What does this mean for parents? It means that you can help your child build resilience to avoid drug abuse.

  • Most adolescent substance users do not become abusers.

It can be very reassuring to know that the large majority of people who try drugs do not go on to become regular users or abusers. This does not mean that parents should never discuss drug use with their children. But it should give parents greater comfort in thinking about teenage drug use, drug abuse prevention, and drug abuse treatment.

With this new comfort level, parents can focus on helping their children develop skills, confidence, and decision-making abilities. By giving kids some room for experimentation while still establishing boundaries (curfews, avoiding driving while intoxicated, upholding responsibilities at home, and so on according to your own values), parents can help their children to make responsible decisions and, eventually, to mature into adulthood.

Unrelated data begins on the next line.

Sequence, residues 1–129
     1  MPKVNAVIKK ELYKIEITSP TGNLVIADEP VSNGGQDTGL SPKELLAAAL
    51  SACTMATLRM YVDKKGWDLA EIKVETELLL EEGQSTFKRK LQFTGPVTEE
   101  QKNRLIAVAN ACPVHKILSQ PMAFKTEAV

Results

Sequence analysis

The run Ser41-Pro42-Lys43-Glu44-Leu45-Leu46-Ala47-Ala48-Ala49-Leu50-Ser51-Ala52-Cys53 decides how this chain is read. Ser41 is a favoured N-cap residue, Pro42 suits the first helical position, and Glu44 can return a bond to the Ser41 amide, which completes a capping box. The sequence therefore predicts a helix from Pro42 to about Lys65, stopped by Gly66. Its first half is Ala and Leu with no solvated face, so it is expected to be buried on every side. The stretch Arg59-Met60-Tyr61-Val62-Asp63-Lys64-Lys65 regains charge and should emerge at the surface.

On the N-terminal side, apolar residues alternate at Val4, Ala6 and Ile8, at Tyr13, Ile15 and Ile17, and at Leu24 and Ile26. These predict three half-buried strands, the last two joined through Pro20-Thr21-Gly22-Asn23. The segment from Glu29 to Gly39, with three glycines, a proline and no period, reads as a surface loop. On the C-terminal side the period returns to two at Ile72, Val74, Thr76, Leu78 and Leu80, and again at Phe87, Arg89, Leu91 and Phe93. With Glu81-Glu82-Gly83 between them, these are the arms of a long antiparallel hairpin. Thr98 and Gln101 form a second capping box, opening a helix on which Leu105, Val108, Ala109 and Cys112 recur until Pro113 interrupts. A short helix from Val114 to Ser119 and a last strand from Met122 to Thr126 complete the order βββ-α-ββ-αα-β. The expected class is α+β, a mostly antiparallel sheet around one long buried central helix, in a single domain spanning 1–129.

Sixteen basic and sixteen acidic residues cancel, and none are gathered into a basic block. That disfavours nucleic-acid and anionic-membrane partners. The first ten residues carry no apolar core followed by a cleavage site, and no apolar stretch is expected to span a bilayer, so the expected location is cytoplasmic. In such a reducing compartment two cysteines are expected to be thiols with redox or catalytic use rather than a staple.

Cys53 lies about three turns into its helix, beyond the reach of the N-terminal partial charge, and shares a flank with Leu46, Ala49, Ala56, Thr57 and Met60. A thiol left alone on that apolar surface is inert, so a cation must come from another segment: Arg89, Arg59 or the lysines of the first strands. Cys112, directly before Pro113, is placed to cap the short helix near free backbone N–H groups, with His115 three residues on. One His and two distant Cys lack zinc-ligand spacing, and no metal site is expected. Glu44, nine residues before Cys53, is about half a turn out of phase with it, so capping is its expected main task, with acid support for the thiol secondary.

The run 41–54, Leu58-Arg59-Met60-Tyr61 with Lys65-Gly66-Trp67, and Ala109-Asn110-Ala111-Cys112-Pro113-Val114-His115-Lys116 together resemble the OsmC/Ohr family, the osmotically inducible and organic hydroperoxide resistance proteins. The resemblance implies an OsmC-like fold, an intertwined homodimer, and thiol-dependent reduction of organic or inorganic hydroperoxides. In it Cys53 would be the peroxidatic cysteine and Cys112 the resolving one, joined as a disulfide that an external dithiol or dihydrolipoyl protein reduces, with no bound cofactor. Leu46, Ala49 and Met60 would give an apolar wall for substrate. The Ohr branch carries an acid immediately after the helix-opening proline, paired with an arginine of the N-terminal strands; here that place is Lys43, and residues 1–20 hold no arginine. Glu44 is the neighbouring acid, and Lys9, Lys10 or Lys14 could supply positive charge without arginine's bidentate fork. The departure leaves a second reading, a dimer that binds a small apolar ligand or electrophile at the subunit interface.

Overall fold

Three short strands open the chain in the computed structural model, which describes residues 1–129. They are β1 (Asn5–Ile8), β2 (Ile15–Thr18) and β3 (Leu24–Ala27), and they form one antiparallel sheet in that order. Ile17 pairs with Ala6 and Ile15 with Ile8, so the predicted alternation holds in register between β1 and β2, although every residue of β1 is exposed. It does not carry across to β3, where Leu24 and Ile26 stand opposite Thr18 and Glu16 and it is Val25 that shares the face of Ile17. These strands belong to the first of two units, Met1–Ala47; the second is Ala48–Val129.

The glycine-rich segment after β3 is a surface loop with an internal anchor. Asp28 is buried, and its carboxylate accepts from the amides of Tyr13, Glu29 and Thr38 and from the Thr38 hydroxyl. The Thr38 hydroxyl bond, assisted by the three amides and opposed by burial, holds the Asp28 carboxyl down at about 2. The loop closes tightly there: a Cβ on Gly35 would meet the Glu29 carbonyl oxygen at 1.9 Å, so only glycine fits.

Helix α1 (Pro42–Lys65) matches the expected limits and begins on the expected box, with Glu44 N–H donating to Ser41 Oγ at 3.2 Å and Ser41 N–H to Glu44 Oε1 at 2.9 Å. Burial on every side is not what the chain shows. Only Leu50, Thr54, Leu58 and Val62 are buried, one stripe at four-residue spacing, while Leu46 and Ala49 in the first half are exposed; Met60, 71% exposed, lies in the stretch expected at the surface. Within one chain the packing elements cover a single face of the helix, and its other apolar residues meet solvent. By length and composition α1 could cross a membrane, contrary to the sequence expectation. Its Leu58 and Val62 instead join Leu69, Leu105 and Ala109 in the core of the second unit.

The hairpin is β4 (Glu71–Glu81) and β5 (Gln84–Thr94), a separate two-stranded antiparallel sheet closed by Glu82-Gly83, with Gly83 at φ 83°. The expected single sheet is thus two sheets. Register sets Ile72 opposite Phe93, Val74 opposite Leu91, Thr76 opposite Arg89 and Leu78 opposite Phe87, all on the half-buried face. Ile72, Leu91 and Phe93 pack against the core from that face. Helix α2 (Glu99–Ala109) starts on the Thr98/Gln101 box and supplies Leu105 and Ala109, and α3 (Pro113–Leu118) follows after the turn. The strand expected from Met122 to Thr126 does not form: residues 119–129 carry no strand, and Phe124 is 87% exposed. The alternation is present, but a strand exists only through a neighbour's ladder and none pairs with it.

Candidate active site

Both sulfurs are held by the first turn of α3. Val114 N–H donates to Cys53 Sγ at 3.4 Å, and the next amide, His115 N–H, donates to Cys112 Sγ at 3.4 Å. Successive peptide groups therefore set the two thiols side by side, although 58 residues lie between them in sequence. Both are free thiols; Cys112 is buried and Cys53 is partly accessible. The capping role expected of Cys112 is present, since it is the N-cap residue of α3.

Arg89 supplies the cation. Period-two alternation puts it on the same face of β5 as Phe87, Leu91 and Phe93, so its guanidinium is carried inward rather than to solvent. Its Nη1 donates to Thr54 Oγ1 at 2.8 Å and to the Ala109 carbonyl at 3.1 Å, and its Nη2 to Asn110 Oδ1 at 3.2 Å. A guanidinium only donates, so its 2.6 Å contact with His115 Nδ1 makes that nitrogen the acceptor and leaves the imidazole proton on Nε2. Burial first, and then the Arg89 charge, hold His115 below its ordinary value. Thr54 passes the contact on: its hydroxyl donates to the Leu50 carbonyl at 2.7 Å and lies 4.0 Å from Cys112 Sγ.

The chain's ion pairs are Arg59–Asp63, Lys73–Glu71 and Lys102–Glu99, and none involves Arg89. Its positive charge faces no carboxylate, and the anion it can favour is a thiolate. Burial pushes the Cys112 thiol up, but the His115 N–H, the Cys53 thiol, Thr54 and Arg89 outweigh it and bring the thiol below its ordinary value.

Parents can play an important role in preventing and dealing with drug abuse. They do so by fostering healthy and responsible attitudes in their children.

The best drug prevention program is simple: supporting, educating, and caring for children. This prevention program starts in the family and continues in school and social activities. Here are some concrete ways that you as a parent can continue your drug prevention program by helping your child develop decision-making skills and positive interests.

  • Teach your child to avoid excess by practicing moderate substance use, whether the substance is alcohol, tobacco, marijuana, food, caffeine, etc.